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Friday, 30 March, 2001, 16:19 GMT 17:19 UK
Jesus is brought to life
Image of Christ
This biblical image of Jesus is questioned by the programme
By the BBC's Michael Osborn

BBC One's new documentary, Son of God, attracted plenty of hype for dispelling the notion that Jesus was a fine-featured, fair-haired man.

This programme turned out to be worthy of all the publicity, as the stunning graphics that recreated Jesus's face were used to bring his life to gritty reality - somewhat removed from Biblical views of Christ.

Jeremy Bowen was well-placed to present this lavish documentary. This is not only because he knows the Middle East like the back of his hand, but he also admitted that he came away from the Holy Land still a non-believer.

In this first programme, a whole host of myths were dispelled, but with plenty of experts and computer simulations on hand to make it all very credible.

Computer generated image of what Jesus may have looked like
A rather different view of Jesus Christ
Jesus was probably born in a cave, not the stable of a thousand Nativity scenes. Bowen took us to a Palestinian settlement where people still live with their livestock.

And Mary was a single mother saved from a tragic death by Joseph - ancient historians claim the Immaculate Conception may have been a dangerous liaison with a Roman soldier.

The programme moved slickly and seamlessly to Jesus's childhood, which was fairly mundane until he went to Jerusalem for the first time and started talking to learned people - sewing a revolutionary seed in his young mind.

Special Effects

Then the special effects came into their own, with a stupendous recreation of the Jewish Temple, complete with some strikingly real animated people.

Bowen occasionally found himself in the middle of one of these mock-ups, as carts rumbled by and geese clacked at his feet.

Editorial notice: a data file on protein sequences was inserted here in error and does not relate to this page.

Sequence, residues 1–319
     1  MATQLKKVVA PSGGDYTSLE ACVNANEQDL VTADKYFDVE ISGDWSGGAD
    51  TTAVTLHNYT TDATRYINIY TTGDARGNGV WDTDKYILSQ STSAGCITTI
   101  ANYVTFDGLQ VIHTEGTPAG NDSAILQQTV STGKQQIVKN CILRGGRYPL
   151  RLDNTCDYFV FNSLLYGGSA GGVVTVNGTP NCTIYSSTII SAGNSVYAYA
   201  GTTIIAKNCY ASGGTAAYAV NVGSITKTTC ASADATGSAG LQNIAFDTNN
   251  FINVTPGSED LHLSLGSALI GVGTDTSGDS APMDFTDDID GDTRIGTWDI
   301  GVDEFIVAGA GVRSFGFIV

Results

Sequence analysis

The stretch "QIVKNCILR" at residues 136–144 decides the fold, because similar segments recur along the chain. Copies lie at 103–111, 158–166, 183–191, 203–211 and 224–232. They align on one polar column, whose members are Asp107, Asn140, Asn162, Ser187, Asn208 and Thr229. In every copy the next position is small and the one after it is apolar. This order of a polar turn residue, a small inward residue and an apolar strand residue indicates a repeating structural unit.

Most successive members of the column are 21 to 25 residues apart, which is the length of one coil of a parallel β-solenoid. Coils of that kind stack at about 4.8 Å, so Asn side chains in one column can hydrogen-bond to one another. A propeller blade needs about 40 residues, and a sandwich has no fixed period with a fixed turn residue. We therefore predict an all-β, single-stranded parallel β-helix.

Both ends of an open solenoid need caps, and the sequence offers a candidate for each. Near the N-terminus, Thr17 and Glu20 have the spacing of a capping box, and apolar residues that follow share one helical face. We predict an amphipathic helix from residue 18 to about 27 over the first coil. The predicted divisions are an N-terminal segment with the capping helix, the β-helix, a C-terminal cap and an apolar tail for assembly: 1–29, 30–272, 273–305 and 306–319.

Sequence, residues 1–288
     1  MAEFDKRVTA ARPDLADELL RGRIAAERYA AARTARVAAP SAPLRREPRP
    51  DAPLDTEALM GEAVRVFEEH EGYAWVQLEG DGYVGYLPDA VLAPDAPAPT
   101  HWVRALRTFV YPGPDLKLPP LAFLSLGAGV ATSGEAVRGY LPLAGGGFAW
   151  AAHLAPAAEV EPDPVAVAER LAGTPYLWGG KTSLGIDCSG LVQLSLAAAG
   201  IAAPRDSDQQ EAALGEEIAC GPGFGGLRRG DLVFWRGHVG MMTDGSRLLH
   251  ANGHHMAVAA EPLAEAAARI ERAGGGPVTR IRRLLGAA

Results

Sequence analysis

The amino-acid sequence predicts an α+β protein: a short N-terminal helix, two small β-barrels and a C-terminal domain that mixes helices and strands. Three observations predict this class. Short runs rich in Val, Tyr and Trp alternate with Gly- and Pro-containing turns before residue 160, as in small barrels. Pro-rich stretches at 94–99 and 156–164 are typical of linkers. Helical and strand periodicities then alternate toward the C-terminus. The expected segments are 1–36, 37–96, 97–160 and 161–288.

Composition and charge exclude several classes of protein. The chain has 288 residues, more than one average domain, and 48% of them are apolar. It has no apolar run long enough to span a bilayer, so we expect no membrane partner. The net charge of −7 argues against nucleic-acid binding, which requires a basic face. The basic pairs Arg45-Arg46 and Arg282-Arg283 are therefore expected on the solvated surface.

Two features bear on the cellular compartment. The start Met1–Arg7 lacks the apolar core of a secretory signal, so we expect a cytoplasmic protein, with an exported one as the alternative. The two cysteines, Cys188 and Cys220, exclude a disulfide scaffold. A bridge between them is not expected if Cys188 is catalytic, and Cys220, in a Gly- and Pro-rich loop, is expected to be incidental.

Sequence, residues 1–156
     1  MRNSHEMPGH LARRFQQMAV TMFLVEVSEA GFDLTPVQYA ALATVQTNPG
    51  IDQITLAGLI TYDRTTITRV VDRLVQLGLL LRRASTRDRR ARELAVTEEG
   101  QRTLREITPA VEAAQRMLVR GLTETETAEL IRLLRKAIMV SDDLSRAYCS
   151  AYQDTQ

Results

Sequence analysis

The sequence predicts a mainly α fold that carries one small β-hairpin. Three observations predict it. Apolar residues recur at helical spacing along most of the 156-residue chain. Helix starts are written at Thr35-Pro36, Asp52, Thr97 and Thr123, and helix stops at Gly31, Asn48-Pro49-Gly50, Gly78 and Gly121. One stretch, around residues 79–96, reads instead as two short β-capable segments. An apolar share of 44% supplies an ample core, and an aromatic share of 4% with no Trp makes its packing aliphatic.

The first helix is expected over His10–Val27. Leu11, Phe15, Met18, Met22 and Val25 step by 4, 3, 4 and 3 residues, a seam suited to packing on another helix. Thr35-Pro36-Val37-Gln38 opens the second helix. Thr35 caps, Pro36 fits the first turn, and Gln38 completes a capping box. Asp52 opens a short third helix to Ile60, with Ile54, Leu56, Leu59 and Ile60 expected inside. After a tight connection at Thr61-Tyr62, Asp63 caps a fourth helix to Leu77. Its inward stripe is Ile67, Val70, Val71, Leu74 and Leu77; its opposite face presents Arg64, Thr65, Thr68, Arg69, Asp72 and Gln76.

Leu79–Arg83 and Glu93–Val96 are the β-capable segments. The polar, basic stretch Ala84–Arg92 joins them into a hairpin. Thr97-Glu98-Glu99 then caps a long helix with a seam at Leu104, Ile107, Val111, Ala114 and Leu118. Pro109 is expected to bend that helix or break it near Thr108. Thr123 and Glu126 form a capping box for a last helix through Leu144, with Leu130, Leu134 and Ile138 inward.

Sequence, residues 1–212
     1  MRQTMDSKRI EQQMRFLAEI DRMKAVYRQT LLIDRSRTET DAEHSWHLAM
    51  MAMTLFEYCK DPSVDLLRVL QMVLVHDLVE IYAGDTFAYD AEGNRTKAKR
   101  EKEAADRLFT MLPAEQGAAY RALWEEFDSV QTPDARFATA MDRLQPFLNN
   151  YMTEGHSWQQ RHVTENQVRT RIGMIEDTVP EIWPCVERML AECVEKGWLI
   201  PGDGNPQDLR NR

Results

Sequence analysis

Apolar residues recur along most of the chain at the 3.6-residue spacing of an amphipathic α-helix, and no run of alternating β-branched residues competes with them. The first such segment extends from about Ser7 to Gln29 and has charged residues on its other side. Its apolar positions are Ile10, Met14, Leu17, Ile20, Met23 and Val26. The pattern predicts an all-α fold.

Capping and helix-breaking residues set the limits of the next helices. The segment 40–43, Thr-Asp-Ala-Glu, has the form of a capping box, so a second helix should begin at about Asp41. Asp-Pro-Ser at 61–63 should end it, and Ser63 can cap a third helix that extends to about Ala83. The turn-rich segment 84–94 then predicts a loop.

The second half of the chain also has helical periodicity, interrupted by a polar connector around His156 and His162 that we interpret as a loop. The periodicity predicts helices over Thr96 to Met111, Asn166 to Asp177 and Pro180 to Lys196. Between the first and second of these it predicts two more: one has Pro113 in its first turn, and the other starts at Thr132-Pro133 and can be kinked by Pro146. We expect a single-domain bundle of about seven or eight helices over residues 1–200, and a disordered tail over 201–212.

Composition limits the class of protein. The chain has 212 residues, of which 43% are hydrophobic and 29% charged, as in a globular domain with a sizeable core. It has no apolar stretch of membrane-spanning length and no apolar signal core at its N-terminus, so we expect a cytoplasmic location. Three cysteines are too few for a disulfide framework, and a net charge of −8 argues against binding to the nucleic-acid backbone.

Then there was the shopping trip for gold, frankincense and myrrh which was more like an excerpt from daytime TV

Michael Osborn

There were only a couple of weak moments in the programme, the main one being when Bowen went to a desert cave to experience Jesus's forty days in the wilderness.

Yet he only stayed a night and was accompanied by a camera. I half expected him to fashion a pair of shoes out of underwear like Joanna Lumley on her desert island.

Then there was the shopping trip for gold, frankincense and myrrh which was more like an excerpt from daytime television.

But the reason for this programme is compelling - to look at the life of the most influential man ever, using science and history as opposed to religion and faith.

It has been lavished with attention, from those superb graphics to the classy incidental music.

It opened my eyes and mind to a figure who is rooted in history yet surrounded by deeply entrenched myth and legend.

It seems that this programme has much to offer for the faithful, sceptical and unbelievers alike, as it continues to chart Jesus's life as a peaceful revolutionary to its tragic conclusion.

Son of God is on BBC One, Sunday April 1 at 21.10

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26 Mar 01 | TV and Radio
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